Haiti Democracy Project

Washington, D.C., April 2002

The Haiti Democracy Project will advocate a more effective U.S. policy toward Haiti. While the sending of an OAS democracy mission to Haiti this month is a useful first step, experience indicates that the United States and international community will need to do considerably more if human-rights abuses are to be contained and democratic institutions built. And without these minimal building blocks of governance, Haiti will remain mired in the worst poverty in the hemisphere.

A recent conference of U.N. agency heads and Haiti specialists generally concluded that the 1994 U.S.-led intervention was unduly driven by an exit strategy and that the international community “had a one-year plan for a ten-year problem.” The withdrawal from Haiti was precipitous and left fledgling democratic institutions, such as the professionalized police, vulnerable to political takeover. The power of the exiled president was certainly restored by this intervention of twenty-two thousand troops. However, the other democratic institutions?legislature, electoral machinery, judiciary, police, governmental ministries?were left unprotected against a recrudescence of presidential power.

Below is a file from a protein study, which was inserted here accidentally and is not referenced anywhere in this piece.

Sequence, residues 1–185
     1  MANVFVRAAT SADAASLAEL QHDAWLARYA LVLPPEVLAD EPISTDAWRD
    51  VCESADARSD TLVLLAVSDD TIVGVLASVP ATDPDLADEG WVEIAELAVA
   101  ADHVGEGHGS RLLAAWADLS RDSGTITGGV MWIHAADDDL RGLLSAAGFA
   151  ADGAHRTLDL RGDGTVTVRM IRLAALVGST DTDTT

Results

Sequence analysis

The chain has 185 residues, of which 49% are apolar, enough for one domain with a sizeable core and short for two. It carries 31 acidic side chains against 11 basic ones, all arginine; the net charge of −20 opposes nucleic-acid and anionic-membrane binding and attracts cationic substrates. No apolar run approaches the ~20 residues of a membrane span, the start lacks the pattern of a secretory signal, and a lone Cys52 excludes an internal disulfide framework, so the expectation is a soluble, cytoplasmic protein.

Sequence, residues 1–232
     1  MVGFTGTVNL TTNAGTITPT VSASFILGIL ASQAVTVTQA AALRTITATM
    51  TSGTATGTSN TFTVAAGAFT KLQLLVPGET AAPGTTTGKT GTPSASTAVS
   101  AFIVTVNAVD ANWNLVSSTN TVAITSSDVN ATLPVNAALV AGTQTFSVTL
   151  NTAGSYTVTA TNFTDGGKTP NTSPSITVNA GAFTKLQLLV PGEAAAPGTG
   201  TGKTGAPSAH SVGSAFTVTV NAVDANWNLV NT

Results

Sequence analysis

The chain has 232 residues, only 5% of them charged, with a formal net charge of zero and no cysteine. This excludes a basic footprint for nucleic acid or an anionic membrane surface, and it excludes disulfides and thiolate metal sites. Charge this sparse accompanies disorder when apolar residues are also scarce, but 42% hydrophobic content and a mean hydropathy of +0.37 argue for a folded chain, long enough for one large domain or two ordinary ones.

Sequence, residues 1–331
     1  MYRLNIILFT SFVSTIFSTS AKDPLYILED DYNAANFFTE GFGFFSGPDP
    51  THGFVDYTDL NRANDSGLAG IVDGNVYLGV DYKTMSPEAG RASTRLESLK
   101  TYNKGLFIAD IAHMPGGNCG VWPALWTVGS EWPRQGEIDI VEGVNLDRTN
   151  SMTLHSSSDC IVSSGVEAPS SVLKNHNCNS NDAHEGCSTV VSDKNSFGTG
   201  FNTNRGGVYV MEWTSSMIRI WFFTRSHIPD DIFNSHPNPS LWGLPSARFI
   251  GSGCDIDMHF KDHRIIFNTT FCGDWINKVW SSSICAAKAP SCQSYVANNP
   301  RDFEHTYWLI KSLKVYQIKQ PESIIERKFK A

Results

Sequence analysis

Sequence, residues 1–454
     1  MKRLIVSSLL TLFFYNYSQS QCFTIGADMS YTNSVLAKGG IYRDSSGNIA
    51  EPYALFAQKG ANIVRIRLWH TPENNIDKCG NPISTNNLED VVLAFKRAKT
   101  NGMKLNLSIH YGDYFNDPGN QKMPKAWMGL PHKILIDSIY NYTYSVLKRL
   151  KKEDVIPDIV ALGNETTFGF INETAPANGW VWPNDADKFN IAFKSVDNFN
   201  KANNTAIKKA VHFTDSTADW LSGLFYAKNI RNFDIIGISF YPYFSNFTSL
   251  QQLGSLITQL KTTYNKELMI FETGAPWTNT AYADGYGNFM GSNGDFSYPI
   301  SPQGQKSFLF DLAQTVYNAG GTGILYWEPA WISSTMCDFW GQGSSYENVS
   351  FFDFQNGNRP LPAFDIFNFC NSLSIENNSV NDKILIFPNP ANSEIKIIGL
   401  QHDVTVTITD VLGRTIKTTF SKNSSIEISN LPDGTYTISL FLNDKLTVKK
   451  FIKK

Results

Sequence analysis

Nevertheless, virtually the entire Haitian middle class, “civil society,” independent news media, and independent politicians continue to demand their democratic freedoms and they have an increasing echo from the impoverished majority which objects to the corruption of the regime. At the same time, President Aristide still enjoys important support based on the historical memory of the legitimacy of his 1990 election. This bifurcated polity adds to the complexity of the Haitian question. Such few valid elections and opinion polls as have been held point to a bedrock of support for Aristide’s party co-existing with a wide diversity of other candidates and positions.

The Haiti Democracy Project, an independent organization, is a continuation of the Center for International Policy’s ten-year Haiti project, which originally worked to restore President Aristide to power but in more recent years joined with the major human-rights organizations in deploring the unfolding political violence and destruction of democratic institutions. In recent years the Haiti project signed joint declarations of concern with the National Coalition for Haitian Rights, Human Rights Watch, Washington Office on Latin America, and the International Human Rights Law Group.

The director of the Haiti Democracy Project is James Morrell, who for twenty-eight years served as research director of the Center for International Policy, a liberal thinktank in Washington. He was an adviser to President Aristide at the Governors Island negotiations in 1993. In the year 2000 he observed Haiti’s legislative elections for the OAS. He entitled his report on those elections “Snatching Defeat from the Jaws of Victory” to convey the paradox of a party that had the votes to win legitimately, yet threw away that legitimacy by falsifying the count in a bid for total power. Morrell received his Ph.D. in history from Harvard University in 1977.